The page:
In 1915, after Chen Duxiu was brought in as the chief librarian of the National Beijing University, he started and edited an influential monthly periodical in Shanghai, “The Youth Magazine” (青年雜誌), which was later renamed “The New Youth” (新青年). This magazine became one of the most influential magazines among the students who participated in the May Fourth Movement of 1919. The magazine mainly advocated many new ideas, the use of the vernacular language, socialism, Marxism, and was strongly against feudalism. It had a Letters-to-the-Editor section allowing it to become a truly free public forum where a number of important problems and ideas were seriously considered and developed. Its circulation increased to 16,000 after 1917, to say nothing of the number of pass-along readers.
These publications inspired the formation of various societies. one of which was the new People’s Study Society (新民學會) founded by Mao Zedong (毛澤東) and his friends in Changsha. This society had about 80 members who recruited and organized students to go to France under the work-study programs there. Mao himself went to Beijing in 1918 under the recommendation of Li Dazhao (李大釗) and worked as an assistant librarian at National Beijing University until his departure to Changsha and Shanghai a year later.
While the new intellectuals were aligning themselves together, an opposition group was starting up at the university also. This was a group of conservative professors, research workers and students whose strength was mainly in the university’s School of Law where most of the teaching posts were held by students who had returned from Japan and were more sympathetic towards the Beijing government. However, this conservative opposition proved to be quite ineffective in an intellectual propaganda that featured an overload of archaic words that even well-trained scholars could not read. Their magazine, the “National Heritage,” only produced four issues. The conservatives’ opposition also failed because it worked more for Beijing government intervention than for public support. They even tried to get the government to remove Cai Yuanpei as the university’s chancellor. That failed because the government feared strong opposition from the students, public opinion and foreign financial support.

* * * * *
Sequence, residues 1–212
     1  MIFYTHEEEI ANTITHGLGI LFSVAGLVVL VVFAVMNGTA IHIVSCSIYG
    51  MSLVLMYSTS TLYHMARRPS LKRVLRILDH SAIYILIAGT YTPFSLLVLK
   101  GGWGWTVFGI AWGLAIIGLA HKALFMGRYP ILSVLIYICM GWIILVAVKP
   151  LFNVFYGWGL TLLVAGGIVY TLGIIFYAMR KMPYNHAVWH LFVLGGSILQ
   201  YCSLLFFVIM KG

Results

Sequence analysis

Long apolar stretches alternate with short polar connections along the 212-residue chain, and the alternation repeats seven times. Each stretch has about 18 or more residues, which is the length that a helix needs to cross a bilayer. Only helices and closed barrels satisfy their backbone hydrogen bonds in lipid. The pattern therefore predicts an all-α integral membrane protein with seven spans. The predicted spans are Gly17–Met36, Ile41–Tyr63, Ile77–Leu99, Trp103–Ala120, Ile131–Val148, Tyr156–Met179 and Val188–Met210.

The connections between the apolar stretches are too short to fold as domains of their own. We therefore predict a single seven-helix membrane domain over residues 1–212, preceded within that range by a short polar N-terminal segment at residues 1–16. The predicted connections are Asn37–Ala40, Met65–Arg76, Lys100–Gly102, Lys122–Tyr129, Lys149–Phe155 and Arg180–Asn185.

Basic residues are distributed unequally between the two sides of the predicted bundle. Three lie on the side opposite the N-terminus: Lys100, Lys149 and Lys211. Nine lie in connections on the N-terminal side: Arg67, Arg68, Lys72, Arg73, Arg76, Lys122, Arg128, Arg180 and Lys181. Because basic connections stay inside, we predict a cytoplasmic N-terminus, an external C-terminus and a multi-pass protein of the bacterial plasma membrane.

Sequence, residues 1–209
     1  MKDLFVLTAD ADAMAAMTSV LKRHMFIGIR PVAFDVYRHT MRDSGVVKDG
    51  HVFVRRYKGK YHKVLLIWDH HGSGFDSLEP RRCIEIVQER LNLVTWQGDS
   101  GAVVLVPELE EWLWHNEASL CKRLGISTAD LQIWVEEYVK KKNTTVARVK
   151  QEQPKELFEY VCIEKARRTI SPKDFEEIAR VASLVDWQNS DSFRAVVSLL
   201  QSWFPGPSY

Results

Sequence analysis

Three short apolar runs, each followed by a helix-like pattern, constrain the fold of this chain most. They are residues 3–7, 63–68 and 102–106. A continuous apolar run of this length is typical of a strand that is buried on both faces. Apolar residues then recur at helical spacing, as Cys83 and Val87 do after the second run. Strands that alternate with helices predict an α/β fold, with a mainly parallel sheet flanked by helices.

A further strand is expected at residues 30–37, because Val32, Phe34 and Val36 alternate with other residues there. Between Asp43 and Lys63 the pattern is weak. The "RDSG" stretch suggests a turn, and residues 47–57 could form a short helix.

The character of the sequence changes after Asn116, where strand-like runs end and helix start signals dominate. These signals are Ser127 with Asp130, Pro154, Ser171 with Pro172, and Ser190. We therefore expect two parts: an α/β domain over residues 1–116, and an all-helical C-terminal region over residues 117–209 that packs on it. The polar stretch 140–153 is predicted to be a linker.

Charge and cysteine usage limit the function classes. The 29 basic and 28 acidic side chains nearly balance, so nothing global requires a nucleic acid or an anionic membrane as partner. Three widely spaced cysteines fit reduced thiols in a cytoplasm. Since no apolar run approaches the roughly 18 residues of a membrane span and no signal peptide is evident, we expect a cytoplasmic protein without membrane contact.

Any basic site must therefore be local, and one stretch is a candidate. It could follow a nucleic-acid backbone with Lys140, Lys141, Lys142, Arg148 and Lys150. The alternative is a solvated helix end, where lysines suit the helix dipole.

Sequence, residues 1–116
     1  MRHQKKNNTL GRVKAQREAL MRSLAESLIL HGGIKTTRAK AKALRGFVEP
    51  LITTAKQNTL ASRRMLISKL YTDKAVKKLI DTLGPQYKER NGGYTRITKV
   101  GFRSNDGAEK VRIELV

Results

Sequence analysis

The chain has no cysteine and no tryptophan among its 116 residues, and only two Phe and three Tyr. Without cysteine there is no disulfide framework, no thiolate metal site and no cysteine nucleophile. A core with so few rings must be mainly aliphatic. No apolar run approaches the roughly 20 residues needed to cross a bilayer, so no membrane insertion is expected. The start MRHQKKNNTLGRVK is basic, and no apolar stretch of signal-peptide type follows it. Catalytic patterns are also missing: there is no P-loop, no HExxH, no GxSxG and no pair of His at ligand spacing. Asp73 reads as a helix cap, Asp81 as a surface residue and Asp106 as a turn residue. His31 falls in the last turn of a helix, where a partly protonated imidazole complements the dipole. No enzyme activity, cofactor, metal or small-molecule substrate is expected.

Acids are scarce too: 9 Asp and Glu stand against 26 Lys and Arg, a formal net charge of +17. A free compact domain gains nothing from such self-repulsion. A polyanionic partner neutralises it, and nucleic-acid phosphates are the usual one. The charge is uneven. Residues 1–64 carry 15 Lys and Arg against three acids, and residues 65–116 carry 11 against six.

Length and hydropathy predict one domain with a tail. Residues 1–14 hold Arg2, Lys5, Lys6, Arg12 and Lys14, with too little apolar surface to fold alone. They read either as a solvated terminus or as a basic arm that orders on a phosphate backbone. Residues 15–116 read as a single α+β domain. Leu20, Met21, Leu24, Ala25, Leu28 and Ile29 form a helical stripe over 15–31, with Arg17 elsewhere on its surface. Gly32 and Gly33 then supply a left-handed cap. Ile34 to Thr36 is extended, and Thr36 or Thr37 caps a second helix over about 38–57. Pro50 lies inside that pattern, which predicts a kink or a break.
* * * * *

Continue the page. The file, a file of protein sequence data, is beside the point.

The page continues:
From 1915 to 1917 the conflict between the conservatives and the new intellectuals was one of ideas rather than one of actions. This all changed in 1917 as the intimate relationship between the Chinese government in Beijing under Duan Qirui (段啟瑞) and the Japanese government under Premier Masatake Terauchi (寺内 正毅) became more intimate and China seemed to be caving in to Japanese territorial claims in Shandong province. In Beijing, Hayashi Gonzuke (林権助), the Japanese minister in Beijing, proposed helping Duan cut off support of the Kuomintang government in the south. This support involved huge Japanese loans. With financial support and the newly formed Anfu Club (安福俱樂部), Duan consolidated his forces in Beijing’s Parliament. This situation deteriorated further when secret military conventions were concluded with Japan and Russia. In these agreements, Mongolia and Manchuria were wrested from China. Then Japan secured Duan’s approval to negotiate the Sino-Japanese Military Mutual Assistant Conventions.
The stage was set for the May 4 incidents and its consequences, the subject of my next offering.
About Pat Welsh
In 2009 while teaching English at Sichuan University, Welsh was asked to give a speech where he was introduced to the audience as a “pioneer of Chinese American relations” as a result of his cooperative work in international banking during the Deng Xiaoping era. For more than 65 years, Welsh has been learning Chinese and has used this knowledge both professionally and personally to enhance his understanding of Chinese and Asian affairs. He currently resides in Georgia and occasionally lectures on China to classes in World History and World Literature.